Canadian Forest Service Publications

Predictability and measurability of Bacillus thuringiensis efficacy against spruce budworm (Lepidoptera: Tortricidae) 1999. Cooke, B.J.; Régnière, J. Environmental Entomology 28(4): 711-721.

Year: 1999

Available from: Laurentian Forestry Centre

Catalog ID: 16950

Language: English

CFS Availability: PDF (request by e-mail)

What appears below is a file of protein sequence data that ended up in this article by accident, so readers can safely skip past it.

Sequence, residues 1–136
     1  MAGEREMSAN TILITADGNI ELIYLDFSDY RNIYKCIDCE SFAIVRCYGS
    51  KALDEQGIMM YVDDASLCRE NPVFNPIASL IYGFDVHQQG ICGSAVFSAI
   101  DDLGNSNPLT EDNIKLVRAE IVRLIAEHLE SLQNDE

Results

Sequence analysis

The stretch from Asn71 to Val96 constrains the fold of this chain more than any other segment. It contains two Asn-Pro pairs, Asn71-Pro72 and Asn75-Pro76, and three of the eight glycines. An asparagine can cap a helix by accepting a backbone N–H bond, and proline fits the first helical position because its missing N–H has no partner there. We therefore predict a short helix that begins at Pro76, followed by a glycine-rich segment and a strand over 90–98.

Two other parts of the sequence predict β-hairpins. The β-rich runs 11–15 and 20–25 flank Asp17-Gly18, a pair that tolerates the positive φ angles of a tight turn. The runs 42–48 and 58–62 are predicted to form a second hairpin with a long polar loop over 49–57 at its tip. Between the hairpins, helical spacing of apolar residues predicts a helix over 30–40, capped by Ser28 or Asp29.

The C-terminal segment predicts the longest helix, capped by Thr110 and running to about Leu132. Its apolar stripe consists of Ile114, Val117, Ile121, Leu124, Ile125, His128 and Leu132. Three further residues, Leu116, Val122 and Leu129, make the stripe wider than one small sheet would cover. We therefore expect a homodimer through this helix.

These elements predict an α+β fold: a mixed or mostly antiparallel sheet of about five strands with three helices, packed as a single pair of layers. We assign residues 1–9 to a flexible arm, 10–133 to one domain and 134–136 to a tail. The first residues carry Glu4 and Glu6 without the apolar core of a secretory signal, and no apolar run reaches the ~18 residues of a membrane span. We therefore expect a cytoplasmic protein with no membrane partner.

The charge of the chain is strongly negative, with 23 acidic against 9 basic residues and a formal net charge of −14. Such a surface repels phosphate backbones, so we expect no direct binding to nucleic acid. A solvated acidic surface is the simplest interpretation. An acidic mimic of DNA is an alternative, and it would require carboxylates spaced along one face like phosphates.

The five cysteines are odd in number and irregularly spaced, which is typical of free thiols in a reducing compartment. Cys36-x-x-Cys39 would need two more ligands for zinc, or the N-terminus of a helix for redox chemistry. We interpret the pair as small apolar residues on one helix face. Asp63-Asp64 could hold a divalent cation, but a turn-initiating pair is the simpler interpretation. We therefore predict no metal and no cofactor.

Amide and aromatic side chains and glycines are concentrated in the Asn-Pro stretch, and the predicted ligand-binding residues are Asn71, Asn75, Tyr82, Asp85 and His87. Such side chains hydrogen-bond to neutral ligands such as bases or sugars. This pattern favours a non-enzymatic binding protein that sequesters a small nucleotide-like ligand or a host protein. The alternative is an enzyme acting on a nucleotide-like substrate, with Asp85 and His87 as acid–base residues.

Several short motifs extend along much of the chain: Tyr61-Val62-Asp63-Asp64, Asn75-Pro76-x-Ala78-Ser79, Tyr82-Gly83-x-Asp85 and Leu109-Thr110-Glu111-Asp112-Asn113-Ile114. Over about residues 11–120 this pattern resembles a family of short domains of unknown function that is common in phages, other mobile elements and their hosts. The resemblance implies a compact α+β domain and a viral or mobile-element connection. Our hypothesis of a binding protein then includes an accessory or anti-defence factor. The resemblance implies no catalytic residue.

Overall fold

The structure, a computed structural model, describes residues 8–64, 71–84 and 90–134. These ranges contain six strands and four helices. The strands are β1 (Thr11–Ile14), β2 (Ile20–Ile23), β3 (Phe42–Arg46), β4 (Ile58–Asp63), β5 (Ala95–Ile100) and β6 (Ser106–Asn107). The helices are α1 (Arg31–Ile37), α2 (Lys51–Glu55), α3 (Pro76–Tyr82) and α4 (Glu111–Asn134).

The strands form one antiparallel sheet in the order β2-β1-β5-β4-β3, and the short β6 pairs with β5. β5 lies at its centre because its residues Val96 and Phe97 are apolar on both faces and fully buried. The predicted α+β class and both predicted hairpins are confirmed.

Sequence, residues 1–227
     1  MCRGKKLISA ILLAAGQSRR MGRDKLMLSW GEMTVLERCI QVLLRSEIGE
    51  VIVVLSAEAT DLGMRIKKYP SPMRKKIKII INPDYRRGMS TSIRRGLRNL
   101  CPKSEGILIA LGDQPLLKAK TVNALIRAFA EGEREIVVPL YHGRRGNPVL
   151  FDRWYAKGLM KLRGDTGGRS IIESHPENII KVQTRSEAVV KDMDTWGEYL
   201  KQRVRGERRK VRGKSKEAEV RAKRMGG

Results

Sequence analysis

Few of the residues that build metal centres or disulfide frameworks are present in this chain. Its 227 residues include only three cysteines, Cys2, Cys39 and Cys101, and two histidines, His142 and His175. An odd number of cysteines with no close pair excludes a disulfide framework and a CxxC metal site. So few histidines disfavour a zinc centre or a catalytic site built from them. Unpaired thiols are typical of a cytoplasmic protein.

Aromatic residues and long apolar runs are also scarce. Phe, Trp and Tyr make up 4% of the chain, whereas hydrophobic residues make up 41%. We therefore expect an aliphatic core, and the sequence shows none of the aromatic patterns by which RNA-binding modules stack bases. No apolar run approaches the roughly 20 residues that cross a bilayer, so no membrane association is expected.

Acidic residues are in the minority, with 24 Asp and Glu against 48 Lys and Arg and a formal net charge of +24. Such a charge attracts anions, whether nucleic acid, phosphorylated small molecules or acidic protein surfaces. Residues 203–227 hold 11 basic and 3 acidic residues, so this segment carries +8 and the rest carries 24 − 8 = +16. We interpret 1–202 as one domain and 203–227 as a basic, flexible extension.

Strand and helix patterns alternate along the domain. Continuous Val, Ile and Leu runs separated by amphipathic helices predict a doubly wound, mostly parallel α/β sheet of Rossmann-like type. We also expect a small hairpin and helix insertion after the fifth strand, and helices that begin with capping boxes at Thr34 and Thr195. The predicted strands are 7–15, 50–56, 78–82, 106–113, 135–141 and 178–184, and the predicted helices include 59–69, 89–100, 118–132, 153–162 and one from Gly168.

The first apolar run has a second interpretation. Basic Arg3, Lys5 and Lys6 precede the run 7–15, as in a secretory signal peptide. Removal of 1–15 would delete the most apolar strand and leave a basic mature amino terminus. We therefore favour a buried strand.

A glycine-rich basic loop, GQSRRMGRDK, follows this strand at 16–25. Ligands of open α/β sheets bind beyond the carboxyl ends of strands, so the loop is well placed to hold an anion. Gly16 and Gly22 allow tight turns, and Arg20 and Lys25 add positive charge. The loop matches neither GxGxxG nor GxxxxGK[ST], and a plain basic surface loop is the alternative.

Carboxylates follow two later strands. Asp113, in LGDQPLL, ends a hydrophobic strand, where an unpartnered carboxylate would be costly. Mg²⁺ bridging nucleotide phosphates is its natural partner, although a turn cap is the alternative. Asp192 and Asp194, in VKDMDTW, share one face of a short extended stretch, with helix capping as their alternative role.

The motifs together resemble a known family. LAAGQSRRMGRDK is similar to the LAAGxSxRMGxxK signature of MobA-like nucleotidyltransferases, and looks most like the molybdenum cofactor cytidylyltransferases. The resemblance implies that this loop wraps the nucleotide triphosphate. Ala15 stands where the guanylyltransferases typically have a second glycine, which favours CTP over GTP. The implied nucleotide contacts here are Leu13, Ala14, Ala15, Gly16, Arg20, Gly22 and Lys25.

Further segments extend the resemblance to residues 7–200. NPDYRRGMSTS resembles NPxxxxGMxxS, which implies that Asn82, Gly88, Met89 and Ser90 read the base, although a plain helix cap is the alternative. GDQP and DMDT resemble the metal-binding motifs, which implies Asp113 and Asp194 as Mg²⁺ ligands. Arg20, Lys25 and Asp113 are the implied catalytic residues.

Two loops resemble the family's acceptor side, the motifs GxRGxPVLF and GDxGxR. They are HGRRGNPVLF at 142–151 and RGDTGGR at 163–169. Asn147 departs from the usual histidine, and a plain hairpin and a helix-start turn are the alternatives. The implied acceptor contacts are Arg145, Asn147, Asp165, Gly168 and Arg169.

A detailed simulation model was used to examine the unpredictability of the efficacy of aerial applications of Bacillus thuringiensis against spruce budworm, Choristoneura fumiferana (Clemens). The results of new field trials were used to further validate the simulation model. Simulations indicated that mortality caused by B. thuringiensis is the first 48 h after a spray, total mortality, and final defoliation could be predicted by multiple regression (r2 > 0.82) using spray parameters (potency, droplet density, and diameter), budworm population age, density, and mortality from causes other than B. thuringiensis, exposure-period duration, and postspray temperature as predictors. The proportion of budworm larvae that had ingested a lethal dose within 48 h after a spray was a good predictor of total mortality (r2 > 0.91). Variation in temperature contributed little to variation in efficacy measured as population reduction and foliage protection indices. However, sampling error in estimates of population density, final defoliation, and 48-h mortality considerably reduced the predictability of efficacy. Coefficients of determination diminished from r2 > 0.8 with no sampling error to r2 < 0.05 when sampling error was 30% of the sample mean. There was also a pronounced negative bias in estimates of foliage protection and population reduction when sampling error exceeded 20% of the mean. Mismatching control and treated populations with respect to the magnitude of extraneous mortality during the 6th instar caused large biases in efficacy estimates. It is recommended that the use of population reduction and foliage protection indices be avoided as much as possible because of the large effect of sampling error on their values. Rather, the use of well replicated, homogeneous treatment plots carefully matched with nearby untreated controls is recommended. Treatment efficacy can also be assessed with the model of Cooke and Regnière (1996) in combination with sampling aimed at estimating stage-specific survival rates in treated and untreated plots.

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